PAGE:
While L. Frank Baum is generally credited as the creator of Oz, he did have some help with The Wonderful Wizard of Oz from his illustrator and (at the time) close friend, W. W. Denslow. But Denslow got a bit of a swollen head over it, and when it came time to create a musical version of Oz, as co-creator and joint copyright holder of the book he demanded half the royalties, even though he had very little to do with the actual creation or production of the show. He didn't get half, but he did get a large chunk, which Baum resented, destroying their friendship. I suspect Denslow still wanted money from a big show, however, so he and Paul West created The Pearl and the Pumpkin, a Halloween-themed show about the supernatural goings-on at a Vermont pumpkin farm. And if you're going to have a Broadway show, you may as well also have a tie-in book. (Hey, it worked for The Wizard of Oz!) The show didn't do terribly well, and even the book didn't make much of a splash, despite Denslow's charming illustrations, but you con buy an excellent and affordable reprint edition. It really isn't much of a story, with farmer's assistant Joe Miller being turned into a pumpkin boy (at roughly the same time L. Frank Baum was creating Jack Pumpkinhead, no less), then lots of set-ups for a spectacular number that probably worked great on stage but kind of loses something on the printed page. But it is very Halloween-y, and Denslow's work still shines, so this may be something worth adding to your collection.
Saturday, October 13, 2018
Oh, we have a special Saturday morning cartoon for you today: the Oz Kids episode "The Return of Mombi". It's properly Halloweeny, as it has a bunch of kids (who, in this case, happen to be the offspring of many of your favorite Oz characters) taking on a wicked witch. The series was originally presented as a series of half-hour episodes, but episodes were strung together to tell a complete story for video release, so this is three or four episodes worth of the show. So without further ado, here's "The Return of Mombi"!
It was a big day for Oz in the comics, as there were three different Oz-related comics, of differing degrees of Ozziness. So, I will tackle them from the least Ozzy to the most:
- Trivquiz mentions the play The Boy from oz. In this case, the Oz is Australia, but since the subject of the play is Peter Allen, who was married to Liza Minnelli at one point, and both Minnelli and Judy Garland appear in the show, I consider it to be an Oz-ish play.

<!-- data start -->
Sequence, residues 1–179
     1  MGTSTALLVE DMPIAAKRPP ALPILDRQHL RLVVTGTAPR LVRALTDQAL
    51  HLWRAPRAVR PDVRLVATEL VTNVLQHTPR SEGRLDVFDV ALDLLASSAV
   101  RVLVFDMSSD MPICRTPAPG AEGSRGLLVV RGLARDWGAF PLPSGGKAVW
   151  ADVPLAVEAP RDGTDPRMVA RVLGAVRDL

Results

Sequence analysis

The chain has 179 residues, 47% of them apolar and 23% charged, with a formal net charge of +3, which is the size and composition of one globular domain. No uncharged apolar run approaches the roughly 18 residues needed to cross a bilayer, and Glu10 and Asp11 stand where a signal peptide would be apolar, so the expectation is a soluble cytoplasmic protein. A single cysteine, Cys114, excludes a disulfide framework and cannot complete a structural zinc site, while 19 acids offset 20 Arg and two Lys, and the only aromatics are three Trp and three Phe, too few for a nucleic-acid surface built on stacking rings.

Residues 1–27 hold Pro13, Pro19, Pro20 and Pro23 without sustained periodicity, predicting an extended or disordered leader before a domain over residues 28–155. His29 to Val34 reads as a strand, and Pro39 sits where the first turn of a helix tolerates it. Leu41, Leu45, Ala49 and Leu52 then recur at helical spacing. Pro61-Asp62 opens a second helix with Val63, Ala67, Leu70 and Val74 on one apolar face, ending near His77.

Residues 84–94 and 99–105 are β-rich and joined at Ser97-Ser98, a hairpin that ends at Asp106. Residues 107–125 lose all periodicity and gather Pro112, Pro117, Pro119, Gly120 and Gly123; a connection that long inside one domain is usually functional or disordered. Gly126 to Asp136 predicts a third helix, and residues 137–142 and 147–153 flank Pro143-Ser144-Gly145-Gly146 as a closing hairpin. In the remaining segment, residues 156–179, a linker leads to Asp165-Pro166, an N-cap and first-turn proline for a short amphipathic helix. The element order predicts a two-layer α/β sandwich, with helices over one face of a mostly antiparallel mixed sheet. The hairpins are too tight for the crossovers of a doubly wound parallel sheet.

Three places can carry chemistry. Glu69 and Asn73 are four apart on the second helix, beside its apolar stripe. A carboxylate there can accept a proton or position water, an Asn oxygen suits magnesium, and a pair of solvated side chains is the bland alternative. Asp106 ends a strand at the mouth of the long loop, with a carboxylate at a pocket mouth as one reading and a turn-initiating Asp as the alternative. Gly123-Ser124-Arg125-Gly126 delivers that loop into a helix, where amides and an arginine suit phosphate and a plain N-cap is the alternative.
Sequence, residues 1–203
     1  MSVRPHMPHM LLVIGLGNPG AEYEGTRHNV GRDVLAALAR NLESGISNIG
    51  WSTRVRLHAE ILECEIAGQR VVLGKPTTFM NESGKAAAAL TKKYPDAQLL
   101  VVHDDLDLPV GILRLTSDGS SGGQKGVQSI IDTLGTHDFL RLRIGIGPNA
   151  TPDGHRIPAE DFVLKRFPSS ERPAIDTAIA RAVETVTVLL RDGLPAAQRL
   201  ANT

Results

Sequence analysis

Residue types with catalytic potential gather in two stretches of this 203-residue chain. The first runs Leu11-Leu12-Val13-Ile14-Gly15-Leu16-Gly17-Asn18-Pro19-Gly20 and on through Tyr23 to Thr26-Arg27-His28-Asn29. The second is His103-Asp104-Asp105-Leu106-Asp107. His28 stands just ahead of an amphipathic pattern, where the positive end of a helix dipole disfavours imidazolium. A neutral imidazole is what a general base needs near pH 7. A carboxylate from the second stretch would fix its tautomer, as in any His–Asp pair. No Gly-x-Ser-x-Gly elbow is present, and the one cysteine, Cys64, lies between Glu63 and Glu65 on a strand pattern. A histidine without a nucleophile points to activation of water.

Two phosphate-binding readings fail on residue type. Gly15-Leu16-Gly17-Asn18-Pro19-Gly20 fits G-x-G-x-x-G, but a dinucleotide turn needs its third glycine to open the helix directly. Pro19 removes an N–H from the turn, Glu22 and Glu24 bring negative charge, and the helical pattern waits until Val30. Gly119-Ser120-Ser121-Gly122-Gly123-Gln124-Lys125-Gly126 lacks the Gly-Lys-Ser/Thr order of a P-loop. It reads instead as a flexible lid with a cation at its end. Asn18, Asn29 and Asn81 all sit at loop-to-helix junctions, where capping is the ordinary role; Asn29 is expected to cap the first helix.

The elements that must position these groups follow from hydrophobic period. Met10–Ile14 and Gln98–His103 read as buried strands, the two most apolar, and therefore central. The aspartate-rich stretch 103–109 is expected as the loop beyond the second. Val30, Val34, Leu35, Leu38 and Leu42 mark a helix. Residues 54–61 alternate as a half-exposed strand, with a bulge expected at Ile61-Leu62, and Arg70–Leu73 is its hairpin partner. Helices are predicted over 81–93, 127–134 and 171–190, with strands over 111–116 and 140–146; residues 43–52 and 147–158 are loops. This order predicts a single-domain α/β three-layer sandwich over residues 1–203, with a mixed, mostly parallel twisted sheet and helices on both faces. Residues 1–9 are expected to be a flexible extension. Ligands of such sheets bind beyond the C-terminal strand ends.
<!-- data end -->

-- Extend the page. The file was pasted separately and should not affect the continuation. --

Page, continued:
- Off the Mark has an aquaphobic green-skinned witch. That sounds pretty Ozzy to me. (A comment I made about this comic online was, "It's not easy being green…")
- I don't know what's happening in the storyline in On the Fastrack, but whatever's going on sure seems to involve The Wizard of Oz!
Friday, October 12, 2018
Here's proof (as if any were needed) that they just don't make television like they used to: An excerpt from the 1976 Paul Lynde Halloween special. Yes, for whatever reason, some executive at ABC thought this would be a good way to celebrate the holiday.
Yes, that is indeed Margaret Hamilton playing Paul's housekeeper, who then goes on to reprise her role as the Wicked Witch of the West. (Let's hope the make-up is a lot less toxic than it was than that of nearly forty years earlier!) She clearly is having a ball. This alone would be enough to recommend the special to anyone, but it also features one of the earliest television appearances by KISS (and Gene Simmons utters the immortal line, "We're not wearing make-up"). Also, Billy Barty, who played the lead villain in Under the Rainbow, is also in it (as seen in this clip). If you want to see the whole thing, it's available on DVD and streaming video.
Thursday, October 11, 2018
Let's go ahead and talk about one of the most recent Oz items I've encountered: a Christmas ornament. Hallmark has been putting out tons of Oz ornaments over the last few years, and one of this year's would also make a great Halloween decoration. It's the Wicked Witch and Nikko, and it has sound! Imagine putting this out as a decoration, and then pressing the button and that music or Margaret's voice starts up.
Wednesday, October 10, 2018
Remember a few years ago, that trend of taking a classic novel and, while keeping the original text, adding in a horror or other subplot? Probably the best known version of this was Pride and Prejudice and Zombies. Well, The Wizard of Oz was not immune. In The Undead World of Oz: The Wonderful Wizard of Oz Complete With Zombies and Monsters (and bears, oh my!), co-author Ryan C. Thomas does exactly what's on the cover. This is the first book I've put in here that I haven't read, so I don't know if it's any good, but I'm intrigued enough to check it out some day.
Tuesday, October 09, 2018